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The Most Important Reasons to Outsource Customer Service

The Most Important Reasons to Outsource Customer Service

Customer service has evolved into one of the most important pillars of every organisation. Organizations of all sizes now recognise the importance of having separate customer service departments.

Consumer service has evolved into a specialty field and a unique task that requires specialised training, tools, and technologies as customer expectations and behaviour have changed, and as digital technology has advanced. As a result, companies have begun outsourcing customer service in order to save money and limit the usage of internal personnel. Outsourcing to a multi-channel contact centre provider also provides more data on consumer behaviour and helps with decision-making.

Despite all of the advantages of outsourcing, some companies are still hesitant to outsource customer service, citing concerns about performance and a lack of managerial control as reasons.

Here are a few crucial considerations to consider when deciding whether or not to outsource customer support.

Customer Service Outsourcing: Why Should You Do It?

Table of Contents:

  1. Cost Savings
  2. Seasonal Spike in Volume
  3. Multi-Channel Support
  4. 24×7 Support
  5. Complexity
  6. Size of Organization
  7. Organizational Culture


Every organisation strives for cost-cutting opportunities, and cost-cutting is the primary driver of outsourcing. While it is true that outsourcing reduces costs, it should not be the main motivation. A company’s top priority should be service quality, as any inefficiency might result in a huge exodus of clients. As a result, while choosing an outsourcing agency, think about their track record, clients, and service evaluations.


Seasonal Spike in Volume:

Businesses in the retail and hospitality sectors, for example, enjoy a seasonal surge in sales volumes during particular times of the year, such as the holiday season. Many events account for a significant amount of these businesses’ annual sales, and they can’t afford to miss out. In these circumstances, the outsourcing model for customer service becomes particularly advantageous, since more workers can be readily deployed to answer client inquiries and orders.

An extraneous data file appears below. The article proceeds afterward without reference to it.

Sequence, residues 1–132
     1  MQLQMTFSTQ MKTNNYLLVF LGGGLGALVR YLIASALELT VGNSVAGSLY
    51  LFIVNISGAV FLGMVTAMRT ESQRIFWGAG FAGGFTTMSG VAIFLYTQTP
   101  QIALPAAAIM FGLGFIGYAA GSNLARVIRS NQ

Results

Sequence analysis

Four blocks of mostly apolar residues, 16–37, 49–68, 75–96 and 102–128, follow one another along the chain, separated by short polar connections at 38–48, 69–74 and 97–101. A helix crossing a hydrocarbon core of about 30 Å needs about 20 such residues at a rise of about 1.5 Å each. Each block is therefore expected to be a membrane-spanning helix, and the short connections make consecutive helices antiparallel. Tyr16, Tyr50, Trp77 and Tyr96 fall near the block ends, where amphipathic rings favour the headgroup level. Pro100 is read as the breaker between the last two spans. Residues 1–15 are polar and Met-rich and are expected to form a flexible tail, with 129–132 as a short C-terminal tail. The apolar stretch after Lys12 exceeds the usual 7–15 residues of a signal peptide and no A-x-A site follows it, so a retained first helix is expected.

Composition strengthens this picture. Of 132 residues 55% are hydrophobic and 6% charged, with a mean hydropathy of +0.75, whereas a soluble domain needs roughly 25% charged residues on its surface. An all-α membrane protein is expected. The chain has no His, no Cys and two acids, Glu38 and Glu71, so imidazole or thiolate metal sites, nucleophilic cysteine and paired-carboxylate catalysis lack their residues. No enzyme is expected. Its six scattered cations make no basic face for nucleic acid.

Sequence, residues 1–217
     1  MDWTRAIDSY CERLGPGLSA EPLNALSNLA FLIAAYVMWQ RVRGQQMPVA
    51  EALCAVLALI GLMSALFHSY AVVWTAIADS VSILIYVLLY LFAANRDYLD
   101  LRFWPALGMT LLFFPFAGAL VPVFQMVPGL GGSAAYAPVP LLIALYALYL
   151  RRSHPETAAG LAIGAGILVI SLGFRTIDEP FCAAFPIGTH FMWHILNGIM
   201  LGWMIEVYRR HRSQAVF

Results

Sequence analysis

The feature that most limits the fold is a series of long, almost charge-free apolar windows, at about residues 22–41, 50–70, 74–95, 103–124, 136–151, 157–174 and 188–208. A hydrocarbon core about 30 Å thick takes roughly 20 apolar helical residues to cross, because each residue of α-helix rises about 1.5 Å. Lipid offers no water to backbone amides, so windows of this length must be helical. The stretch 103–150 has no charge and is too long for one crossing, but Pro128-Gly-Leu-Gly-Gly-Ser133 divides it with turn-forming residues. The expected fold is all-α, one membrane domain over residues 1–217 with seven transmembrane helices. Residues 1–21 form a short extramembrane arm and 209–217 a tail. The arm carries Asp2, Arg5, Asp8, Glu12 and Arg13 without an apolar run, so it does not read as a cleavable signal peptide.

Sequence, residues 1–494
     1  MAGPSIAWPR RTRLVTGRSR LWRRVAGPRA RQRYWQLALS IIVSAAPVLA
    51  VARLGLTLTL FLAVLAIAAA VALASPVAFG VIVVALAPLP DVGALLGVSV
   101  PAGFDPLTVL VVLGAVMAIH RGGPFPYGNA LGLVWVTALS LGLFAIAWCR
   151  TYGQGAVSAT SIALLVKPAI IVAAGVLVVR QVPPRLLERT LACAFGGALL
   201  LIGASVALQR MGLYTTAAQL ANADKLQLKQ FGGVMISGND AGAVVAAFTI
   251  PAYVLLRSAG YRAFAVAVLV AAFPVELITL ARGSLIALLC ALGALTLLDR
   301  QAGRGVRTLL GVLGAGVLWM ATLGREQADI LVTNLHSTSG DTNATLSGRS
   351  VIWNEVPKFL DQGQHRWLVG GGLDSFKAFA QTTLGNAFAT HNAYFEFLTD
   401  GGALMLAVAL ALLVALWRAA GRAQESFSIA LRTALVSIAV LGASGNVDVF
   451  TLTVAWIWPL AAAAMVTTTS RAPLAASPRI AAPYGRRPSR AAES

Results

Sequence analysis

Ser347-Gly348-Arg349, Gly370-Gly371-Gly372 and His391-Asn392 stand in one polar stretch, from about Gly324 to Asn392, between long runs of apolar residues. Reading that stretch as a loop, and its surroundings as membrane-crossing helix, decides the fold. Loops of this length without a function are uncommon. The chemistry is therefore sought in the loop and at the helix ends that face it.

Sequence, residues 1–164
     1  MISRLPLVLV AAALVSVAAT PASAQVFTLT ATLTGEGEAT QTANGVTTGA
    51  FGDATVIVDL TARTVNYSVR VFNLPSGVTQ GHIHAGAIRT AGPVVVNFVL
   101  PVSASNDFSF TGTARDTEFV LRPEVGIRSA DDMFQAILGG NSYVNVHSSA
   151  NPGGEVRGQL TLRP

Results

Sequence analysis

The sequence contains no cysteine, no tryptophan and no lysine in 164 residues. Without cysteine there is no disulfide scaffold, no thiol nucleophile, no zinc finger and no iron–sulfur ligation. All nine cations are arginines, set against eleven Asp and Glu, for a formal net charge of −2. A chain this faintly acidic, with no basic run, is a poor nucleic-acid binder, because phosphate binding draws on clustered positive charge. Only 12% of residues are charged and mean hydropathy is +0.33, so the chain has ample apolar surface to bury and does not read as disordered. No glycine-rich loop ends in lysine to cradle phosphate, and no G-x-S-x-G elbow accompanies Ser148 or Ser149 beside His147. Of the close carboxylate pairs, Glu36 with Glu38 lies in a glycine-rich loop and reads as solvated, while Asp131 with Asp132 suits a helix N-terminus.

Multi-Channel Help:

Outsourcing frequently gives businesses access to multi-channel support, which can be difficult to implement domestically. If a company’s consumers use all available means of communication to contact it – such as voice calls, emails, live chat, mobile / SMS, and social media, for example – outsourcing may be the best way to answer to their communication quickly and professionally.


24×7 Support:

if the company deals with international consumers or those that communicate outside of normal business hours. If an eCommerce business has a global distribution model, it must provide always-on customer service, regardless of the customer’s geographic time zone. It may be difficult for such a company to provide 24-hour customer service, thus outsourcing to a professional company that does provide this service becomes a possible option.



If your company receives a lot of difficult technical calls, it’s a good idea to have an in-house staff to manage them, because third parties may not have the technical know-how to provide appropriate answers. Furthermore, if calls are frequently transferred between departments, it will be difficult for an outsourcing firm to process them. In these situations, the in-house customer service centre can ensure that customers receive the most appropriate and optimal answers to their problems. Other tasks, such as making appointments and generating leads, can be outsourced.


Size of Organization:

While outsourcing benefits businesses of all sizes, if the volume of customer interactions is low, it may be easier for a company to assign customer service to an in-house executive. Depending on the company’s future growth, outsourcing may be considered.


Organizational Culture:

Collaboration, control, cultivation, and competence are the four types of organisational cultures defined by the Schneider Culture Model. An organisation with a ‘control culture,’ defined as adherence to a strong hierarchy and well-defined power structures, may find it difficult to shift to an outsourcing relationship in which some control must be handed to a specialist. A ‘control’ organisation, on the other hand, can use outsourcing to accomplish non-core work if it establishes a well-thought-out service level agreement and reporting requirements.


Consider all aspects before deciding on outsourcing, including business volumes, staff salary, training, maintenance, and equipment costs. Analyze the risks and benefits of having an in-house staff versus outsourcing. If outsourcing is the preferable option, find a professional call centre services provider that can meet all of your current and future business needs.

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